For 20 years, Ann Power has fought to find out what happened on the day her husband died in a high speed police pursuit in 1997. Today, the High Court will publish its judgment granting a fresh inquest into Onese Power’s death.
The judgment quashes the inconclusive 'Open Verdict' given by the first inquest jury in 1998. In that inquest, the jury heard evidence of an alleged contact between a pursuing police car and Onese's motorbike. Since then, a suppressed report has revealed that the Met investigated an expert whose influential evidence was presented to the coroner’s court.
Today’s judgment decided it was in the interests of justice to order a fresh inquest due to the deficiencies of the first inquest.
The deficiencies of the first inquest are striking. They include the police’s refusal to disclose witness statements to Ann Power, denying her the opportunity to properly question officers on their identical accounts of the pursuit and collision.
Other deficiencies include a failure to investigate marks on the police car that could have been caused by impact with the motorbike. Additionally, the police car left tyre marks at the scene but was later tested at lesser speeds of 30-40mph instead of the 50-60mph the officers claimed they were travelling at the time of braking.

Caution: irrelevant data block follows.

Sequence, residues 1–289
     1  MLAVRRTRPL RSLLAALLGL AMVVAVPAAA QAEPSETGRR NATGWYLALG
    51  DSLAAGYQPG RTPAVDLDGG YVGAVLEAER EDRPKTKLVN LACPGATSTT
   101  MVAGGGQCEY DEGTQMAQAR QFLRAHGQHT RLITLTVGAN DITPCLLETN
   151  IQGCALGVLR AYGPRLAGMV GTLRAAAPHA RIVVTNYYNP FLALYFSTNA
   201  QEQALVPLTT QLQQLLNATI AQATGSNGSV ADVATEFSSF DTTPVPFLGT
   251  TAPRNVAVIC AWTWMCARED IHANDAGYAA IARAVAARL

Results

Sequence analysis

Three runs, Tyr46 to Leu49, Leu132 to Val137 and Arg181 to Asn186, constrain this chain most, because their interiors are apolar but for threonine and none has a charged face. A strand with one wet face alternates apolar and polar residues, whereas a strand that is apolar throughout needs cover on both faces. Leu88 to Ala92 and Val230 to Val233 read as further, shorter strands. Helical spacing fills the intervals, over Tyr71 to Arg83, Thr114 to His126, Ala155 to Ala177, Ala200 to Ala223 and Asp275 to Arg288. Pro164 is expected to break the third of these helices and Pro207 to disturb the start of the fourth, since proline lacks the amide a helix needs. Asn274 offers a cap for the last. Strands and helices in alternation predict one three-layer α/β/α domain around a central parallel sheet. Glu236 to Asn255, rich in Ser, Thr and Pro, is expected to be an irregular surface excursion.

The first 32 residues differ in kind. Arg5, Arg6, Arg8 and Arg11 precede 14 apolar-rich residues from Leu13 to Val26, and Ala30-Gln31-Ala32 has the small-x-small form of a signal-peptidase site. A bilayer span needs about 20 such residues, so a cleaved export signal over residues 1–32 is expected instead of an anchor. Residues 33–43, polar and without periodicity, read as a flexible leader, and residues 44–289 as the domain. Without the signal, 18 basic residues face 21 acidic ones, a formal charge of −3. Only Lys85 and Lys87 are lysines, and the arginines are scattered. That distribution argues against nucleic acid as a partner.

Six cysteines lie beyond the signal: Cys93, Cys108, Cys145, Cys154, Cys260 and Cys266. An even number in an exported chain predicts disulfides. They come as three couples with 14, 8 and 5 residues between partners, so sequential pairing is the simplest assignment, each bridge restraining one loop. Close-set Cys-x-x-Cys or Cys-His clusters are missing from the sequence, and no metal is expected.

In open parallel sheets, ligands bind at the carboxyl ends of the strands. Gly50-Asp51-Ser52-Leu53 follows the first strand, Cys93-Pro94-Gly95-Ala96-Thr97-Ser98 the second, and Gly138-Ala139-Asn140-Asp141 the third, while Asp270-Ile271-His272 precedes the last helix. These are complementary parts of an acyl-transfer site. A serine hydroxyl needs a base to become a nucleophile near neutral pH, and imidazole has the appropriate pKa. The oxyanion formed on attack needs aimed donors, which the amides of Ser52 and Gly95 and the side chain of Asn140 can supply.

It is a travesty that Ann Power faced institutional defensiveness and obstruction by the police when she was at her most vulnerable. Unrepresented, she faced an experienced barrister acting for the police at the public expense. The process was disempowering and traumatising. There is every chance that at the new inquest, Ann will face a similar situation if she does not receive public funding for legal representation. Last week the Chief Coroner called for bereaved families to receive funded representation at inquests where state agencies receive funded representation. Implementing this change is a matter of urgency for bereaved families.
The judgment shows the enormous public interest in fully and fearlessly investigating deaths involving police. It states:
“It will be open to a new jury to return a narrative verdict which, it is to be hoped, would bring a measure of closure for the claimant, who for twenty years has fought tenaciously on behalf of her husband.”
It is imperative that the police act with openness and integrity during the new inquest and that the inquest takes place as a matter of urgency. Onese’s family have waited long enough.
Leslie Thomas QC of Garden Court Chambers and Daniel Machover of Hickman and Rose represented Ann Power at last month’s hearing in the High Court.